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US Cider Makers Announce Standardized Terms

Everyone pretty much agrees that cider is made from apples. Well, not everyone. But even though the majority are in consensus on what cider comes from, they don't seem to agree on what terms are used to describe a cider in its finished form. Today, that changes. The United States Association of Cider Makers (USACM) has announced the first step in its ongoing project to develop and document a lexicon for cider. The style guide, which is available for download here, is five pages and sets out a basic requirement for what makes a particular type of cider a member of that class. Just like "beer" can be a porter or an ale, so too can there be a depth of diversity in the variety of what we call "cider". There are two main styles that the document classifies, each with its own substyles. "Standard Cider" and "Specialty Cider" each form their own class. With Standard Ciders, there are both Modern and Heritage styles of both apple and pear for four total subtypes. Heritage apple ciders are marked by a typically higher tannin content than modern ciders, and also typically use heirloom apple varieties versus dessert/table apples for modern ciders.In Connecticut, for example, most ciders you come across are going to fall into the Modern style being made mostly from dessert apples. There are a few exceptions with Yankee Cider Company having some heritage varieties of apples still maturing in the orchard.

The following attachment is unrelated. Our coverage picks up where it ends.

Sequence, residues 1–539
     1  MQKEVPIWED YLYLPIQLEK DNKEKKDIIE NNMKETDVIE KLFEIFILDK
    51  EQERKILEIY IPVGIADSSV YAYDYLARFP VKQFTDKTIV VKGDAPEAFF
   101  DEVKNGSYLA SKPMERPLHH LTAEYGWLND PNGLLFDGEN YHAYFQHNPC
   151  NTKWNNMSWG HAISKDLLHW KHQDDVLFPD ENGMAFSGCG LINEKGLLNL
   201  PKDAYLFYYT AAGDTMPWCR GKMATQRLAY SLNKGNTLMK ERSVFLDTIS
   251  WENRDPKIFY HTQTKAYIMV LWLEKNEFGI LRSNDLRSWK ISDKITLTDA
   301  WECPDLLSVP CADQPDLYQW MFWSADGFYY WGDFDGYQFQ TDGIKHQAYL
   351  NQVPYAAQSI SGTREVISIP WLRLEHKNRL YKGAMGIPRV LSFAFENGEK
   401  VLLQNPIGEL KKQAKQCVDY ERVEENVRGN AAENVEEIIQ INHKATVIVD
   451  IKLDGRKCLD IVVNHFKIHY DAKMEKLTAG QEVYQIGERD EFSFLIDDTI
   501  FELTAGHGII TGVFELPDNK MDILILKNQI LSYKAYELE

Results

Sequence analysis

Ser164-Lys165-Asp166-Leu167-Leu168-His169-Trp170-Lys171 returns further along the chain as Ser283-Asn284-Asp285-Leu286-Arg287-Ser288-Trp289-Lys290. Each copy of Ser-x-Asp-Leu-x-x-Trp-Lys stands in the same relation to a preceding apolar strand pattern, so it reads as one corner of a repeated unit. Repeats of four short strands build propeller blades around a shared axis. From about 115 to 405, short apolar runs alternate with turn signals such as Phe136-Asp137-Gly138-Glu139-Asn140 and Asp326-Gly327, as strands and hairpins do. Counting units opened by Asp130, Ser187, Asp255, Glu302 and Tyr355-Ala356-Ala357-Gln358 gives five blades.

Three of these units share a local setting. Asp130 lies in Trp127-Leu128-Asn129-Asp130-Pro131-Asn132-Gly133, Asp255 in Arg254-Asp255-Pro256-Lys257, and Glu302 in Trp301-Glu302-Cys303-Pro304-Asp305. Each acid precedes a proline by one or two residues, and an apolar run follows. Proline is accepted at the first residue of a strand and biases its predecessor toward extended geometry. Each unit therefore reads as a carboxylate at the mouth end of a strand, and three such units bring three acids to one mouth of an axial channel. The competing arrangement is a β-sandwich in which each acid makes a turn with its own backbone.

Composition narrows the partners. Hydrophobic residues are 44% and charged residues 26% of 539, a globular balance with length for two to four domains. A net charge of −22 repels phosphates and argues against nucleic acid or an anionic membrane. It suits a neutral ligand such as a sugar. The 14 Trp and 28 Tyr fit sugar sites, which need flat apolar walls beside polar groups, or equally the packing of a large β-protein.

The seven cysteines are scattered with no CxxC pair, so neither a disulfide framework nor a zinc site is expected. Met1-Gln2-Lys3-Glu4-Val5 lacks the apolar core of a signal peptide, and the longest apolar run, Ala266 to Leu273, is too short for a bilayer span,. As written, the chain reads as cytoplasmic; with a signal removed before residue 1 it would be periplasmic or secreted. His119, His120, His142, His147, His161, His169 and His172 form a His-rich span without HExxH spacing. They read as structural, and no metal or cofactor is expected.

But it's under the second section where the real fun begins: The Specialty Ciders. I've written more about What Makes A Cider A Cider before, and the first of the Specialty Ciders speaks right to my points about non-apple ciders: A fruit cider, under the new "industry standard" definition is one which has had fruit or fruit juice added to the apple base. This definition includes ciders for which the fruit has been added both before or after fermentation.

Other Specialty Ciders include Spiced, Wood-Aged, Sour, Ice, and the ever-increasingly-popular Hopped. Both wood-aged and spiced are abundant in Connecticut at the time of writing, and I'd expect that a hopped cider or two will be popping up soon, most probably from Spoke And Spy Ciderworks once it is up and running. What do you think? Are you happy to have a set of definitions to help inform your buying? What styles would you like to see more of from Connecticut cideries? Let us know in the comments!

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